Creativity’s gone global
Issue 23 | June 2012
In this issue of Directory there is work from Australia, Belgium, Brazil, China, Croatia, France, Germany, New Zealand, Norway, Spain, Sweden, The Netherlands, the UK and the USA. We also feature the top winners from the AnPost Irish Direct Marketing Awards and The UK's Best Awards.
With such an international flavour, it seemed only appropriate to find a similarly cosmopolitan Guest Editor. And Doug Schiff is that man.
Doug is an American living in China with a Chinese wife he met in Japan.
Before becoming Executive Creative Director of OgilvyOne Beijing, Doug worked in Tokyo, Singapore, Chicago and San Francisco.
His team was named Greater China's Digital Agency of the Year in 2011 as well as Agency of the Year at Asia Pac's Media Awards 2010.
He has won awards at all the major shows including Cannes but is particularly proud of the Yellow Pencil he won, China's first award at D&AD.
At Directory, we are extremely proud to have persuaded someone with as little time as Doug to give up huge amounts of it to edit the magazine.
It has been an especially hard task with Issue 23 because we have had an exceptional number of submissions of exceptional quality.
We have added extra pages to the magazine (it's 112 pages this time) and hang the expense! It means there are 64 case studies to look at and learn from. But, as always, some very good work has been excluded.
To get into Directory is a significant distinction almost always followed by awards at national and international shows.
To fall short is no disgrace. Simply an encouragement to work harder.
Where does the world's best advertising come from? Manila, Tunis, Zagreb?
In the mid-80s, Fallon McElligott burst onto the scene to let the industry know in no uncertain terms that New York and London would no longer hold exclusive rights to being the only Meccas of advertising in the world, the position the cities had always enjoyed. From copywriter and founder Tom McElligot's, Lunch Hour Ltd., a kind of side business for smaller-budgeted clients, came a fresh, intelligent, more entertaining style that would lead advertising print in the US out of its doldrums, and eventually attract a wide variety of national clients to Fallon—in Minneapolis of all places.
All corners of the world
Close to 30 years later, we find brilliant work being done in literally all corners of the world; often in the most unlikely of locations.
At Cannes in 2008, while taking in the scene at the Gutter Bar, I nearly got my nose clipped by a Gold Lion-wielding bear of a man named Fisnik Ismaili. He had just won it for Ogilvy Karrota—which is in the ad capital of Kosovo! Citizens there had, just months earlier, declared independence as a nation. And to celebrate, their team created a 3-dimensional, 25 metre long, 3 metre high sculpture that read: Newborn. (Interestingly, they chose not to spell the message in their new nation's language, but in the language international media would more likely adore.) They then collected a tangle of 150,000 proud signatures, the country's first Prime Minister being first in line, and it became a moving work of art, which was covered by nearly every news outlet in the world.
Directory 23 is yet another confirmation that the flattening of the world through globalisation, the increased sharing of cultures, ideas and events, and the desire of ad creatures to roam the countryside, and more and more often settle very far from home, has made this all not only possible, but probable.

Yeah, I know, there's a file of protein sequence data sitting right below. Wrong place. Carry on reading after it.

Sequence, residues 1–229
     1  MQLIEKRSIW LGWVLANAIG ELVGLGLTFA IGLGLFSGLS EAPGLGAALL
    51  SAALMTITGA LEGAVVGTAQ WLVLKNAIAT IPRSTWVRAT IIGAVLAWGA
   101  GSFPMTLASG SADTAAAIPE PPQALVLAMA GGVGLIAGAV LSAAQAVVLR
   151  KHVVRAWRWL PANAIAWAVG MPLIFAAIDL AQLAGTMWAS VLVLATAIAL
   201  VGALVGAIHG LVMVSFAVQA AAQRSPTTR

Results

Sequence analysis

If you look within the pages of this hefty volume, you'll find great work from agencies in the expected locales: London, Sydney, Stockholm and Paris. But you'll also see a Dubai-based agency present an entire online Ikea store in a tiny little banner.
You'll see two bright ideas from an agency that's been doing great things for some time in a place that may surprise you: Manila. One execution uses trash to brilliantly bring light where electricity had never existed. In addition, you'll find a Zagreb based (no joke) agency that shows us a clever and perhaps never-before-seen QR Code usage, if that's possible.
Moving north, you'll see the "People's Car Project" from Beijing, which has everyone pondering whether it's presenting anything real at all, beyond the fun and artful displays of 3D and CG storytelling. Well, actually we know it's only that. But it still triggers plenty of jealously pangs, especially for some of us here in the Middle Kingdom. I can only imagine how hard it must have been to sell and get the money to produce it all. But I also think the work says a good amount about how the industry is progressing in less mainstream ad markets. How concept and craft are beginning to be valued on the larger projects for the largest clients. China, having long suffered from market infancy syndrome, is beginning to show more proof of being able to produce campaigns that are far beyond just beautiful illustration.
As emerging markets carry a greater and greater financial responsibility for multi-national companies, they’re placing more sophisticated clients within those markets, who are demanding better strategic thinking and world-class creative—obviously all good.
Fiercely determined creatives
But of course more important than clients in helping turn the creative corner in this newly flattened world, are the many fiercely determined individual creatives themselves. People like David Guerrero in the Philippines, Shahir Zag in Dubai and Carl LeBlond in Moscow—what a set of challenges he must face—who have entered these hostile territories, spent countless hours educating clients and have worn a ridiculous number of ill-fitting hats, before sticking another pin on the creative map, just as McElligot did many years ago.
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